GOP state senator.  now the Dems don't bullet vote because their incentive is different.  rather than try to elect the particular candidate they really want, they'll just vote for the whole slate of six candidates because there is no longer this remaining GOP shoe-in candidate that we used
to have.
even though many of us are a bunch of hippies and Vermont is the bluest (or second bluest) state in the U.S., we have our goofy electoral dynamics in the state (which includes having the most successful third party in U.S., in terms of getting people elected) and this mondo 6-senator
district is a little goofy.  i call it a "cluster fuck".

> A more proportional Condorcet method could be accomplished this way -- I

> think that would be the most simple somewhat proportional Condorcet

> method. For n seats:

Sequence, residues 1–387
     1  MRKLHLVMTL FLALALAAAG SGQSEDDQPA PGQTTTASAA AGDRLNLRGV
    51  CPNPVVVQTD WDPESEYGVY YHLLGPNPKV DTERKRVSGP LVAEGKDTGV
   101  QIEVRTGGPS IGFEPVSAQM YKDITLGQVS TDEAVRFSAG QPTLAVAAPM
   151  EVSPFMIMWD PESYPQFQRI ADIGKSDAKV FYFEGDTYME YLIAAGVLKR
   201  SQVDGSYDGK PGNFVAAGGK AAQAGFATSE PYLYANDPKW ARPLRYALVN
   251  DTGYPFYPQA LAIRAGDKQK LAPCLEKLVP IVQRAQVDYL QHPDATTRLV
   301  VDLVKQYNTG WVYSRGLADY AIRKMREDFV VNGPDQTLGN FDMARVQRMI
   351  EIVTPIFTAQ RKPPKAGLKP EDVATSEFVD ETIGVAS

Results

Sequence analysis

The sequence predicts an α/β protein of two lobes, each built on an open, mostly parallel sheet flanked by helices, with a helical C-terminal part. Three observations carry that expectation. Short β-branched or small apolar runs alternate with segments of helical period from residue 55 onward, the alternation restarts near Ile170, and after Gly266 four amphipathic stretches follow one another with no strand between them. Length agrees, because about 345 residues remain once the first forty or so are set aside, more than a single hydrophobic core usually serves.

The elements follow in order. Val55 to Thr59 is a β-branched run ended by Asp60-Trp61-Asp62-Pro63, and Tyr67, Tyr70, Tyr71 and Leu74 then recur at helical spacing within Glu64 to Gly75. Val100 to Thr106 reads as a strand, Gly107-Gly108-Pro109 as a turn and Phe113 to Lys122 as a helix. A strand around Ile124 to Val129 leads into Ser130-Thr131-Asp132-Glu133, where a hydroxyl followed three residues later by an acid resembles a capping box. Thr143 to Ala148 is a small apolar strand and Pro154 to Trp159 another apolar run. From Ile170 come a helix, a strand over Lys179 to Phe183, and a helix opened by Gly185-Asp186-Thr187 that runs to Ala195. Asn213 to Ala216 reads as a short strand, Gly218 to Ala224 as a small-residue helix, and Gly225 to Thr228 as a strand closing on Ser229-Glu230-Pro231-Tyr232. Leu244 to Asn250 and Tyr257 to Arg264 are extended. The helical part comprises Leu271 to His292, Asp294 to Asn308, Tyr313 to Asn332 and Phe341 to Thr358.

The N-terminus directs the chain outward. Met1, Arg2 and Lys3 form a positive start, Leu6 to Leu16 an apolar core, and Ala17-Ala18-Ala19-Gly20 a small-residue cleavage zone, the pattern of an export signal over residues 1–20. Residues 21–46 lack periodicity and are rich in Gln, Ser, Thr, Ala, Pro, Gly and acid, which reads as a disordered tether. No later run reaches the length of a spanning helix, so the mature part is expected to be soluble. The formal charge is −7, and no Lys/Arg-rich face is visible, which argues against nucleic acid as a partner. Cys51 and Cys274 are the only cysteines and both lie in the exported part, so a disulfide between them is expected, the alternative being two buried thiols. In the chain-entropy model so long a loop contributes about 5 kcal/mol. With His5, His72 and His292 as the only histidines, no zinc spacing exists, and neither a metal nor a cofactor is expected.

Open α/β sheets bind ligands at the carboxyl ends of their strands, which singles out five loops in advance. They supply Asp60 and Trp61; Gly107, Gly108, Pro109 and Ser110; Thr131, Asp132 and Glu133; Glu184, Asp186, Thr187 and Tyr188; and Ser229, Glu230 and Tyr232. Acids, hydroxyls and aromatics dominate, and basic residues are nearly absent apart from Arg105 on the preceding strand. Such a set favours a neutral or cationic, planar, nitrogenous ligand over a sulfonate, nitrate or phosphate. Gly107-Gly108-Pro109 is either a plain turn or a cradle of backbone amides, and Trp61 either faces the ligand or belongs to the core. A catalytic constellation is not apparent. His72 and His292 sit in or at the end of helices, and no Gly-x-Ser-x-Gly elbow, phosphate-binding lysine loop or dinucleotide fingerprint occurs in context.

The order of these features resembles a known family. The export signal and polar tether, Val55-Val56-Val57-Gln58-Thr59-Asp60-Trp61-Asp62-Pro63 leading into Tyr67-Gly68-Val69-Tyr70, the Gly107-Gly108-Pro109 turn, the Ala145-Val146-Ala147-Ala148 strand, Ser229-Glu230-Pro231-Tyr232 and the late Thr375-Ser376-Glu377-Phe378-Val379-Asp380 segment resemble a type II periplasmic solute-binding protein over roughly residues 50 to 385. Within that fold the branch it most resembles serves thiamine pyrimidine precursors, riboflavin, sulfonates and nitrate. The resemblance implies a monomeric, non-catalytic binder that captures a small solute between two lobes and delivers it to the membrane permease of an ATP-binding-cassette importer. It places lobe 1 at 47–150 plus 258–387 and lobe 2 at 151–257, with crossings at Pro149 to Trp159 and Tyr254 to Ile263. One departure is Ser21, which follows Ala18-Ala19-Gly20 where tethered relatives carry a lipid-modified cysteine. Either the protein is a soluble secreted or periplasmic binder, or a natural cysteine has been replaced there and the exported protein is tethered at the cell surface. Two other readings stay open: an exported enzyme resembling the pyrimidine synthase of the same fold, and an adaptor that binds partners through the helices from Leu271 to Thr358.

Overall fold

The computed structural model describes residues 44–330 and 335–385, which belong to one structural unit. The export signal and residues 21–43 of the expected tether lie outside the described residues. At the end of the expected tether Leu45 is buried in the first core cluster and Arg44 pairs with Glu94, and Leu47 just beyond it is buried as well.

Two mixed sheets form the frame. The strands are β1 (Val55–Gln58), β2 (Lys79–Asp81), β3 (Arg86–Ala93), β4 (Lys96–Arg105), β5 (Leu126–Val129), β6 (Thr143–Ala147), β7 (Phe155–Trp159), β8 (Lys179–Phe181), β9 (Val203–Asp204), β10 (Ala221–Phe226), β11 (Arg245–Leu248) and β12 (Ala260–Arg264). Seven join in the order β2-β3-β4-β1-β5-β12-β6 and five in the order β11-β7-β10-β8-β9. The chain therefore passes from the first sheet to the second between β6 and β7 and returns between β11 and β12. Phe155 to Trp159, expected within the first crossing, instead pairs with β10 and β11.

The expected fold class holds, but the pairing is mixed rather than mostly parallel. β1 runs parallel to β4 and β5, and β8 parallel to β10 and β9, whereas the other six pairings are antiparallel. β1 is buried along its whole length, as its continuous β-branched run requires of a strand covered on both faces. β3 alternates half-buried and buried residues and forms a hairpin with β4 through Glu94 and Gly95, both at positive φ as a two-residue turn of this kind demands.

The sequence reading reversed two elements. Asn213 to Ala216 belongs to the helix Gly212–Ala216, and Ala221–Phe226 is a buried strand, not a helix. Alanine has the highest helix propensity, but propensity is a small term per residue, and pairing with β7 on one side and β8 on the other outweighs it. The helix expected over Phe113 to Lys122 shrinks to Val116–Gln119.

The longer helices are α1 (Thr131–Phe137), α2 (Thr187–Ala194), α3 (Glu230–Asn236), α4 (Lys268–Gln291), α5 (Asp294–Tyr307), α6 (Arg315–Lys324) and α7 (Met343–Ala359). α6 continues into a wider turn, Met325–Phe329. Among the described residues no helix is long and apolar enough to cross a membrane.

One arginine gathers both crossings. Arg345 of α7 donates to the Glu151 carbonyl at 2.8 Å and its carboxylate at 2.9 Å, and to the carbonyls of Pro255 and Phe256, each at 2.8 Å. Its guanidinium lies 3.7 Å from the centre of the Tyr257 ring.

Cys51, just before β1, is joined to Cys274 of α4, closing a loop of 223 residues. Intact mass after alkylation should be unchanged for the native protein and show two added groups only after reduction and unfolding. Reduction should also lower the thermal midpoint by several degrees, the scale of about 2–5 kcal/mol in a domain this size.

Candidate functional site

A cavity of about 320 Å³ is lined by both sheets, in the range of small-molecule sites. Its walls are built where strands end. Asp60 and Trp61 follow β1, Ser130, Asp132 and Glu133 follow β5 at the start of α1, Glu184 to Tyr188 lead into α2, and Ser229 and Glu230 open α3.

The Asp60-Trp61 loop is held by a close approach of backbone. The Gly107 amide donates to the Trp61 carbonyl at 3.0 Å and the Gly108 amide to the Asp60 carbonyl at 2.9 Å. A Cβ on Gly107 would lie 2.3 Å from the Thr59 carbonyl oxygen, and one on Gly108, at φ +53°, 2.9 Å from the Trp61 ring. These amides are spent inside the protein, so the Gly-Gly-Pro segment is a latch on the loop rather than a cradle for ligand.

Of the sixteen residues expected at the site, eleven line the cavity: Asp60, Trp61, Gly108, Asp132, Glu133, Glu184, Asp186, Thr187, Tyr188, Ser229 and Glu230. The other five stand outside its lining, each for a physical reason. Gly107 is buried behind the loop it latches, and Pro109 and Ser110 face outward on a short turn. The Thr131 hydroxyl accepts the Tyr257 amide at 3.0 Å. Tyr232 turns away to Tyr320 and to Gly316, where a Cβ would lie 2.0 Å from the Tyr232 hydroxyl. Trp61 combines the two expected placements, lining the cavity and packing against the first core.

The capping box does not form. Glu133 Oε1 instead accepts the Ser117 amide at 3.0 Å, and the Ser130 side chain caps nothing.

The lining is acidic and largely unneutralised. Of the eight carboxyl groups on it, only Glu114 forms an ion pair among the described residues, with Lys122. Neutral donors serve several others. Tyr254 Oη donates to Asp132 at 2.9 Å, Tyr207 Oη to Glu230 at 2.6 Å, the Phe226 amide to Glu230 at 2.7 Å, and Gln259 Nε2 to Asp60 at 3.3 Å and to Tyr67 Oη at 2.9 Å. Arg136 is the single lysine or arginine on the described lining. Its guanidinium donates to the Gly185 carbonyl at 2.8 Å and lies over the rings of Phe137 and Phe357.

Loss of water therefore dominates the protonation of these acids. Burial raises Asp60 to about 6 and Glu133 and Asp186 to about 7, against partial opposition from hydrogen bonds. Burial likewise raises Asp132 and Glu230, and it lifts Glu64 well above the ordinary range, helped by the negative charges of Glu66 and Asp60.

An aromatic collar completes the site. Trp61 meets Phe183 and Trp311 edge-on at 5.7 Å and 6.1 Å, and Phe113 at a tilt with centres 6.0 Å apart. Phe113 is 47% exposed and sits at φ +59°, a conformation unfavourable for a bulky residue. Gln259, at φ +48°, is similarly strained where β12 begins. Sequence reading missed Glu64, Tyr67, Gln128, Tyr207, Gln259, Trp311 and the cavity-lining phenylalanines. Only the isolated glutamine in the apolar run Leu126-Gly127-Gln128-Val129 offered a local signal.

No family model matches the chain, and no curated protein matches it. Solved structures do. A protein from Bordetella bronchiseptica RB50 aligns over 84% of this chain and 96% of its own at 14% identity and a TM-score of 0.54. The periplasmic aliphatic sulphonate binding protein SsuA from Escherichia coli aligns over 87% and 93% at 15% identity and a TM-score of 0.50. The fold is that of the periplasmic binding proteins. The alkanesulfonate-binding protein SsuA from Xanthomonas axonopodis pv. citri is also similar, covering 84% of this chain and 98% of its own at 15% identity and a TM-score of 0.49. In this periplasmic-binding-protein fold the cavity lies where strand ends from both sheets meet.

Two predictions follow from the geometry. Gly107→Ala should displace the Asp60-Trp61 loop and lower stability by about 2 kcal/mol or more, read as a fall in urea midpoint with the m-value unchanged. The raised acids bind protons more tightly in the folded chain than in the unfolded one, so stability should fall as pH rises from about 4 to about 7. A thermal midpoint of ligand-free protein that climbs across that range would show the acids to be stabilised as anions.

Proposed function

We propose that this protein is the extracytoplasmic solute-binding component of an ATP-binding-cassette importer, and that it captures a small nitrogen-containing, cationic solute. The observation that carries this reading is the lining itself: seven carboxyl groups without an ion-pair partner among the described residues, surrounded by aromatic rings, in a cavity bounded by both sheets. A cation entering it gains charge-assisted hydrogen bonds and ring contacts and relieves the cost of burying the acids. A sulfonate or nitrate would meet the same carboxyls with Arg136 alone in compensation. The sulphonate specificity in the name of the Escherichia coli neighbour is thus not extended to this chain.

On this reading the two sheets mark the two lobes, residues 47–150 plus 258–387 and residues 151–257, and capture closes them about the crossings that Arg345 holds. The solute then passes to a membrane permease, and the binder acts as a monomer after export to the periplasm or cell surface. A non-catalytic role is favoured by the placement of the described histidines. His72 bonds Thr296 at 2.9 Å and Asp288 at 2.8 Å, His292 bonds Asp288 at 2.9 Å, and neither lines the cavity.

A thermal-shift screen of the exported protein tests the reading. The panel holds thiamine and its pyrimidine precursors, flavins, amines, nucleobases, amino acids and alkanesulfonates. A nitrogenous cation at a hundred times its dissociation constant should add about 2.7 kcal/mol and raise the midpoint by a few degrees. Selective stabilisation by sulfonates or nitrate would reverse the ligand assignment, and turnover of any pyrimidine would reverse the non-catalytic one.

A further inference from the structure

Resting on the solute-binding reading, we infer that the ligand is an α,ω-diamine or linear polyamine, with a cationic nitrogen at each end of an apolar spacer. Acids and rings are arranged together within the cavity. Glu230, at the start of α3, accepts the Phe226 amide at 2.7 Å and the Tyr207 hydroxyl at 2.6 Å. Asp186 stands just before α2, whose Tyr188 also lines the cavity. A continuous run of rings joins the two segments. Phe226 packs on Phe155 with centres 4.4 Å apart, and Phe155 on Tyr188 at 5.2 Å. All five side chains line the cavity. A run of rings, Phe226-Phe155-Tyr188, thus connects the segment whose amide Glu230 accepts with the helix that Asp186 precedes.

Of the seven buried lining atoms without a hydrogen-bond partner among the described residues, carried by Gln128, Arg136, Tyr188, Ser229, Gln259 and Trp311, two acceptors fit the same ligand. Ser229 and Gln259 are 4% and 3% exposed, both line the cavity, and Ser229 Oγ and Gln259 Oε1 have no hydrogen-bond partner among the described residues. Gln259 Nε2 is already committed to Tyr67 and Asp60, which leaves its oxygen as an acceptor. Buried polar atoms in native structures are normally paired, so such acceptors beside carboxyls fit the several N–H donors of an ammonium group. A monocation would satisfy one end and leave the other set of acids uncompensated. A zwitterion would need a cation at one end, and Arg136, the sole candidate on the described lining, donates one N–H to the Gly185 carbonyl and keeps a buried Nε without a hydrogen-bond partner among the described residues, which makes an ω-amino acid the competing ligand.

> * Repeat lots of times:

> - Randomly divide the voters into n groups

> - Order the groups in random order.

> - Determine the first group's winner according to the Condorcet method.

> - Give the first seat to this winner and eliminate him from every

> ballot (of every group).

> - Determine the second group's winner, elect, and eliminate.

> - Do so until you have n candidate assignments.

> * Choose the assembly that you saw most often.


> In the 51/49 example above, it's basically a coin toss as to whether any

> given group will elect one of {A,B,C,D} or one of {E,F,G,H}, and so you

> get a 50-50 split.
this is cool.  but the problem is in the lack of determinism (this "randomly" do anything will cause objection with some).
is there a totally deterministic way to come up with these ensemble averages to get a good estimate of the proportional
representation?  like the outcome should be that A, B, E, and F are winners if there are four seats in this multi-winner election. (and the simpler, the better.  the only way i can think of is to geographically subdivide the district into smaller and smaller into atomic communities or

r b-j                  rbj at audioimagination.com
"Imagination is more important than knowledge."